captures history of Canadian film
Sophia Loren had just arrived at the Montreal World Film Festival. The Italian actress's presence was sparking a media feeding frenzy. There were cameras everywhere and Lois Siegel was right in the middle of things, as usual.
The Orléans photographer has been shooting the festival annually since the late 1970s.
She spent years as a photographer for the magazine Cinema Canada, a job which placed her right in the middle of movie sets, festivals and parties during the nascent period of the Canadian filmmaking industry. The book Hollywood North: Creating the Canadian Motion Picture Industry (in stores on Sept. 15) features her photos of many prominent figures, including director Denys Arcand, author Mordecai Richler and a very young Richard Dreyfuss in downtown Montreal on the set of "The Apprenticeship of Duddy Kravitz."
Boasting a list of past subjects that includes actors Nicholas Cage, Clint Eastwood, and Robert De Niro, Siegel has experienced mob scenes many times, but standing at a height of -- as she describes it -- "four foot 11," she doesn't enjoy them.
Her equipment is simple, even a little outdated by today's standards. No fancy gadgets. No sniper-scope zoom lens. Siegel attended the Sophia Loren conference armed with the same "clunky" 35 mm she's been using since 1979.
Usually, says Siegel, the film festival press conferences are well-organized and relatively civil. The Loren conference, however, was not. It was small. It was crowded. There were "strange little rules" like not being able to use a flash at certain moments. There was pushing. There was shoving.
"There was 50 million people all trying to kill to get their photo," she recalls. "I'm not big and I have to stand up to these six foot four guys."
At one point, a photographer fell off a chair and landed on Siegel's back. She came home black and blue. But she had her shot. A beautiful black and white portrait of Loren, her head titled back, appearing contemplative as though she were gazing through a garden window. Nothing about the picture reveals the presence of the frantic crowd mere inches beyond the frame.
Siegel is as much a filmmaker as she is a photographer. She currently teaches video production at the University of Ottawa and has directed several feature films including Stunt People, Solitude, Faces and the documentary Baseball Girls. She also wrote an episode of the CBC program Life and Times featuring a biography of actor Christopher Plummer and, when she turned 50, Siegel decided to pursue her childhood dream of learning the violin. Six year later, she now plays fiddle in not one, but two local Celtic acts: the Lion's Street Celtic Band and Celtic North.
Siegel's extensive experience with Canadian film made her an ideal source of material for Hollywood North.
"She's everywhere," says Suzan Ayscough, former director of communications at Telefilm Canada and co-author of Hollywood North along with Michael Spencer. Ayscough and Siegel were both freelancers within the Canadian film industry around the same time. "I knew that Lois had an eye, and she was at all these parties. "Ayscough and Spencer first approached Siegel about one year ago. Together they spent a whole day sitting in the cluttered offices of her Orléans home and sifting through all of Siegel's contact sheets since 1979. There was no shortage of material to choose from. More than even Siegel could keep track of.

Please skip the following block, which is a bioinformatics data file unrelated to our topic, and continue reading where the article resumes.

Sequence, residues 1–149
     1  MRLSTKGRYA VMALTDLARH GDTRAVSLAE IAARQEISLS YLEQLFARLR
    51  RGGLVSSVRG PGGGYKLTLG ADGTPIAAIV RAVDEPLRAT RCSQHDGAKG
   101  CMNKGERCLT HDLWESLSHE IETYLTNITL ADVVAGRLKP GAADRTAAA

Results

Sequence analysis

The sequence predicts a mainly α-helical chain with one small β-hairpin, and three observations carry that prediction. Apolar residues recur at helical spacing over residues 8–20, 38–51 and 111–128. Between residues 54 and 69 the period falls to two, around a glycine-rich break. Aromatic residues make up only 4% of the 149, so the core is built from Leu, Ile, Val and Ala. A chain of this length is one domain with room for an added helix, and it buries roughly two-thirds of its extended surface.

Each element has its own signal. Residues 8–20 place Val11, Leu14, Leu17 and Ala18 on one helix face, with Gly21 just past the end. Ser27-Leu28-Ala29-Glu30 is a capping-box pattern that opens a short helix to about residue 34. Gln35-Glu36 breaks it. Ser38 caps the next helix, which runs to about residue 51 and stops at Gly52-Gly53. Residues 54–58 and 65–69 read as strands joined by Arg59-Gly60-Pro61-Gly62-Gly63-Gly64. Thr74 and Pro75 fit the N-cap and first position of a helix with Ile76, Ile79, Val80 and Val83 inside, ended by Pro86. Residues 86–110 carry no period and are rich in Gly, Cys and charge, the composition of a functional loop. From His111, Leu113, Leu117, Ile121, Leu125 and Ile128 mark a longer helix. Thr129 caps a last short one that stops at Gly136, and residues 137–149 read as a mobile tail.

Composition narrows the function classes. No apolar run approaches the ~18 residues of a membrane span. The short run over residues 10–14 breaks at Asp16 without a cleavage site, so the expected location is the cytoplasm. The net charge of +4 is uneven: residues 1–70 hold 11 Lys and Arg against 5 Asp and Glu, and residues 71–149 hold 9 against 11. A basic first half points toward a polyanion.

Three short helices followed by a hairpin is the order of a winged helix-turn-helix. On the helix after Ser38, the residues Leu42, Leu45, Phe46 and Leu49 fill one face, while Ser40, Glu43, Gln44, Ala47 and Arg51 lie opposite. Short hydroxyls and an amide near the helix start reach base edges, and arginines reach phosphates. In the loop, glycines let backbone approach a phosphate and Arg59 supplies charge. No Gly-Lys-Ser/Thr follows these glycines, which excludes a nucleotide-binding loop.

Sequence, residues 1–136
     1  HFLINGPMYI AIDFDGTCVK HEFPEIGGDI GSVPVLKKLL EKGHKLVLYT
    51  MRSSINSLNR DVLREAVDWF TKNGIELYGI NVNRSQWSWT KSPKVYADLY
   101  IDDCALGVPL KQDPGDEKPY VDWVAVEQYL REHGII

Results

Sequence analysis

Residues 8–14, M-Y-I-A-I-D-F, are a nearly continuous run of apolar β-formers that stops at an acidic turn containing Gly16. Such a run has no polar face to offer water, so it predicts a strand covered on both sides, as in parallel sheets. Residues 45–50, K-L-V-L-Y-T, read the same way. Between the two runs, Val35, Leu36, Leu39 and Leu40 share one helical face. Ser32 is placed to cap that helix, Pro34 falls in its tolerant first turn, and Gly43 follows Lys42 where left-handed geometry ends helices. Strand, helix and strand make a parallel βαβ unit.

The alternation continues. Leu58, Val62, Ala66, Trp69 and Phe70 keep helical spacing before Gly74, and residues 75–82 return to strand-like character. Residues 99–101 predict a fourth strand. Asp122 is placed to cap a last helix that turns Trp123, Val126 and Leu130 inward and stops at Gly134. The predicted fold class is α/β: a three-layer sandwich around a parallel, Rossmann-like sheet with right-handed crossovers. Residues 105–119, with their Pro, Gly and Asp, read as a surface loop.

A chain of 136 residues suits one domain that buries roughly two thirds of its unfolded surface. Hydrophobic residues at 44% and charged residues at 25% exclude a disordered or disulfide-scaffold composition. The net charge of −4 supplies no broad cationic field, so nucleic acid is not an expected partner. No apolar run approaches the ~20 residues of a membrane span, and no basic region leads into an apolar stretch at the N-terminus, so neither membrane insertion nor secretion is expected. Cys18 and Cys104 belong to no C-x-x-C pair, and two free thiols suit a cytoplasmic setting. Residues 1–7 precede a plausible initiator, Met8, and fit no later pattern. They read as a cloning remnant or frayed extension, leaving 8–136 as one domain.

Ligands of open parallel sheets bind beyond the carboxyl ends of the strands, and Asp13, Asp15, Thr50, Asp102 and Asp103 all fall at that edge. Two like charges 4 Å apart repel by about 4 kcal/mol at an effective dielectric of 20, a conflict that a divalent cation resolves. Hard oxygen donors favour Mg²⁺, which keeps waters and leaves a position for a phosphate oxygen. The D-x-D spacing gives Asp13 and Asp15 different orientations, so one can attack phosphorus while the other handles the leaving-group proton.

"We'd come in knowing who we were looking for, but a lot of times she [Siegel] didn't even know who was in the picture," recalls Ayscough.
They bought 17 photos, including Richler, Dreyfuss, Astral Media founder Harold Greenberg (who helped put Canadian cinema on the map with, of all films, Porky's), and the late Claude Jutra (director of Mon Oncle Antoine) rehearsing a tender dance moment with an actress. The book features one of Siegel's shots of Arcand (director of The Decline of the American Empire and its sequel The Barbarians Invasions, currently making the rounds at the Toronto Film Festival) playing tennis on Nun's Island while filming Jesus of Montreal.
Siegel says her collection includes about 300 celebrities. "A lot of the people I take pictures of are not that well-known, maybe directors from European countries, but I know them because I taught for so long and I'd seen all of their films," she says. "I'd hear they were coming to Montreal and want to take their picture."
Her passion for
fiddling has led her to pursue a
collection of the greatest fiddlers in
Canada. She recently snapped a shot of
Shane Cook at a recent fiddling
festival. Shortly after Siegel took his
picture, Cook was declared the Canadian
Grandmaster of Fiddling.
Siegel has been teaching video production at the University of Ottawa since 1997.
Although she has lived in Orléans for about 10 years, she only retired from her teaching job in Montreal last year and has only started to think of Ottawa as home.
She has held three photo exhibits in the capital, although only her 85-photo display at the Ottawa Bagel Shop came close to equaling her 120-photo exhibit photos that was on display during the Montreal film festival on the ground floor of the Complexe Desjardins, along the path strolled on by stars and stargazers.
Now semi-retired, she focuses her energies on "whatever's fun," including her fiddling and photo essays for community newspapers. Despite a response from the National Library of Canada dismissing her work as having "no national interest," Siegel is hoping to stage future exhibits featuring the full sweep of her career in photography.
"I've got photos other people don't have," says Siegel. "Wonderful things that I love looking at."